Diagnosis. A species of the genus Hyloxalus as defined by Grant et al. (2006), based on the following features: (1) dorsal coloration cryptic, brown or black; (2) pale oblique lateral stripe present (although reduced); (3) pale dorsolateral stripe absent; (4) pale ventrolateral stripe absent; (5) dorsal skin texture posteriorly granular; (6) toe webbing extensive; (7) third finger of adults not swollen; (8) finger disc moderately expanded; (9) median lingual process absent; (10) larval vent tube dextral; (11) larval oral disc not umbelliform; (12) larval oral discs emarginated; (13) testes unpigmented; (14) dark throat collar absent.
A species with (1) mean SVL in adult males 23 mm (19–25.8, SD = 1.2 n = 78) and in adult females 25.5 mm (21.3–28.9, SD = 1.6, n = 70); (2) disc of Finger IV expanded less than 1.5 times the width of adjacent phalange; (3) Finger II shorter than Finger III; (4) fringes present on fingers; (5) disc of Toe IV expanded less than 1.5 times the width of adjacent phalange; (6) fringes present on toes; (7) outer metatarsal fold present or absent; (8) extensive toe webbing, formula I 1—(1½–2 +) II 1—(2–3) III (1–2 +)—(3–3½) IV (3–3½)—(1–2 -) V; (9) oblique lateral stripe reduced to a small bar or a series of 3–5 dots at groin level; (10) dorsum with three large blotches; (11) gular-chest region brown with white marks in adult males, cream-colored or with faint brown spots in adult females; (12) venter white with brown marks in adult males, cream in adult females; (13) sexual dimorphism in ventral coloration present; (14) tadpoles translucent with brown stippling, a belt-like mark on body-tail junction and, in vivo, two pale marks on each side of oral disc and two on each side of body at spiracle level; (15) tadpole spiracular opening oriented dorsoposteriorly; (16) call is a long trill composed of single pulsed notes.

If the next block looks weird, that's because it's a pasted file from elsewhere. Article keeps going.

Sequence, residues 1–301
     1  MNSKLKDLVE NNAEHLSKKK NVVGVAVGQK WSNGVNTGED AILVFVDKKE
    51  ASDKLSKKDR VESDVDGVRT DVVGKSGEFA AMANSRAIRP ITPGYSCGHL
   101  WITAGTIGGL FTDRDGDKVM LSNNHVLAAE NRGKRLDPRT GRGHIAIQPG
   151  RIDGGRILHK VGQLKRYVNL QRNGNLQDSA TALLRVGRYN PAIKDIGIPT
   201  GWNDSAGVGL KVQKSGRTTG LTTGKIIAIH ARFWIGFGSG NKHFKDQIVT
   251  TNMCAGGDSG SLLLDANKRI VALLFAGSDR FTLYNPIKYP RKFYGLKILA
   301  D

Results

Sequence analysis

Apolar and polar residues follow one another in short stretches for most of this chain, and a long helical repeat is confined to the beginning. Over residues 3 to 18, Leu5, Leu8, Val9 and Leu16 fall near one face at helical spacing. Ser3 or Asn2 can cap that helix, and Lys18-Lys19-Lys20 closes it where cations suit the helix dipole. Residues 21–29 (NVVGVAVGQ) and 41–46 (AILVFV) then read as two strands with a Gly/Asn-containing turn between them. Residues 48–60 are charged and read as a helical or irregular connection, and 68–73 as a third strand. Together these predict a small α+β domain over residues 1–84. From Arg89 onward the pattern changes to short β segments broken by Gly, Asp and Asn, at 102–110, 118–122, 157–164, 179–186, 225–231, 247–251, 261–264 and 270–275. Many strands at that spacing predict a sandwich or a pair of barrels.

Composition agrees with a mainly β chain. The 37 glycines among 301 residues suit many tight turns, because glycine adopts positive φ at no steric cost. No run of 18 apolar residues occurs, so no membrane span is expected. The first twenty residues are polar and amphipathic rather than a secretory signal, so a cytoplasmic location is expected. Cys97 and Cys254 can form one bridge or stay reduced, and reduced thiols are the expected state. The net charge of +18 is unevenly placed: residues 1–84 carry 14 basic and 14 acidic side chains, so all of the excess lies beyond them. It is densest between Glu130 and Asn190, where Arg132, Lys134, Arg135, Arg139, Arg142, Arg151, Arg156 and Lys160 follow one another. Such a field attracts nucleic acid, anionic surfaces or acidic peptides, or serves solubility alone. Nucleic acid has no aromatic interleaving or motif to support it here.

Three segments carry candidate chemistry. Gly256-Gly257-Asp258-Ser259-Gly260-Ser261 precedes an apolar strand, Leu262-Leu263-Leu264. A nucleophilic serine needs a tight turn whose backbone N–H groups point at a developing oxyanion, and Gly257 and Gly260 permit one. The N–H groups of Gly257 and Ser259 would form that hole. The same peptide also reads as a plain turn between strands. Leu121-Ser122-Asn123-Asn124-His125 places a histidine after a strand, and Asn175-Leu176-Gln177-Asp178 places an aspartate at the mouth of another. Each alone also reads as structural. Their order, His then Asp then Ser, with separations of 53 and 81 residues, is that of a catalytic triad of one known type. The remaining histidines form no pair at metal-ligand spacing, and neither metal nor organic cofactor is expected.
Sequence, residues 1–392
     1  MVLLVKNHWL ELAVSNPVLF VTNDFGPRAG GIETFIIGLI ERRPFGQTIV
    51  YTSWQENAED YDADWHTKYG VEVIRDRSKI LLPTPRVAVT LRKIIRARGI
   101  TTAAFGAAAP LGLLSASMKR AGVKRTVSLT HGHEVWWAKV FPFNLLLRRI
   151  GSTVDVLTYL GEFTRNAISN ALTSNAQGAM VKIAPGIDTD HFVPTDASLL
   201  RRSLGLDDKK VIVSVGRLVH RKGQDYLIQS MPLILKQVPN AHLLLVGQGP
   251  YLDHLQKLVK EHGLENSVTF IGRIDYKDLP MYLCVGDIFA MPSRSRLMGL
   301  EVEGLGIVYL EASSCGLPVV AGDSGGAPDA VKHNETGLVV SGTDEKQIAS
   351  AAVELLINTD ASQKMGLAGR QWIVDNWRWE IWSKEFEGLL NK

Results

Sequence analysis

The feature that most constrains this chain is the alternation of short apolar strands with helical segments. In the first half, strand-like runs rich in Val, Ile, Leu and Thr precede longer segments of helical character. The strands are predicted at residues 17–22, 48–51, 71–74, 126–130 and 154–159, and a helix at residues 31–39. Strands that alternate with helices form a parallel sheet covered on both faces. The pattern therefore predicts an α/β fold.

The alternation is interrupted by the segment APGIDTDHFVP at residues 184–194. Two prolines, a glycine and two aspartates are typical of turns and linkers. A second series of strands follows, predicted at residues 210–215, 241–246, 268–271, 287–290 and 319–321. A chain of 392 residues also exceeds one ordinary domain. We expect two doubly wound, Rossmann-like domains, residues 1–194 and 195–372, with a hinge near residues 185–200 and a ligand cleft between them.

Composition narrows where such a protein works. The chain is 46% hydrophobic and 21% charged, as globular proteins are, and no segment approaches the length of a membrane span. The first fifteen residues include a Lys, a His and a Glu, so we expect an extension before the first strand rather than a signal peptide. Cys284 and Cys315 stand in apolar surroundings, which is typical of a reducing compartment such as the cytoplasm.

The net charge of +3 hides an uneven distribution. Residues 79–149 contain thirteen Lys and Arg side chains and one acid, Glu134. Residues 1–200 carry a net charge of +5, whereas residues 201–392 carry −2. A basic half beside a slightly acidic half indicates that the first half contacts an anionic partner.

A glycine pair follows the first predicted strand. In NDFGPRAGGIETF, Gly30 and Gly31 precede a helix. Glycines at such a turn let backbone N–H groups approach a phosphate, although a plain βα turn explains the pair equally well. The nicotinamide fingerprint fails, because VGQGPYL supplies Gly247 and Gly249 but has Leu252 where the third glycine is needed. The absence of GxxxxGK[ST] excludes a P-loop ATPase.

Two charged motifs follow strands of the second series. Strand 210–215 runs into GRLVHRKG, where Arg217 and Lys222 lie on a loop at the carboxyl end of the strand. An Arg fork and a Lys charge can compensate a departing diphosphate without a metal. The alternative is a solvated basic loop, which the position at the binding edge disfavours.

Hyloxalus yasuni is similar to those species that exhibit extensive toe webbing and lack oblique lateral stripe ( H. abditaurantius , H. betancuri , H. chocoensis , H. edwardsi , H. faciopunctulatus , H. italoi , H. leucophaeus , H. maculosus , H. ruizi ). It is distinguished from these species by the following characters: H. abditaurantius has an orange spot on the calf, absent in H. yasuni . Hyloxalus betancuri lacks a tubercle posterior to mouth, ventral coloration in females (holotype CJS 2372, an adult female and the only specimen of the species known) is dark brown with small white dots, whereas females of H. yasuni are ventrally cream. Hyloxalus chocoensis has a squared dorsal mark and testes enlarged. Hyloxalus edwarsi and H. ruizi are distinguished from all species within the genus by having a cloacal funnel. Hyloxalus faciopunctulatus lacks a V- shaped dorsal blotch at scapular level. Hyloxalus leucophaeus lacks outer metatarsal fold and sexual dimorphism in ventral coloration. Hyloxalus maculosus differs in gular-chest region of adult males; they do not exhibit white spots over a dark brown background ( Figs. 3B, E and 5-7B, F). Specimens of H. italoi are very similar to H. yasuni , nevertheless, these two species differ in genetic sequences, tadpole morphology, and call parameters (see H. italoi Comments ).
Description of holotype. ( Fig. 17, virtual animation). Male, 23.2 mm; head slightly longer than wide; head length 40.3% of SVL; head width 37.3% of SVL; snout round in dorsal view, slightly angular in lateral view; loreal region slightly concave; nostrils slightly protuberant; eye-nostril distance 64.9% of eye length; supratympanic bulge subtle, covering upper edge of tympanum; tympanum diameter 39.3% of eye length.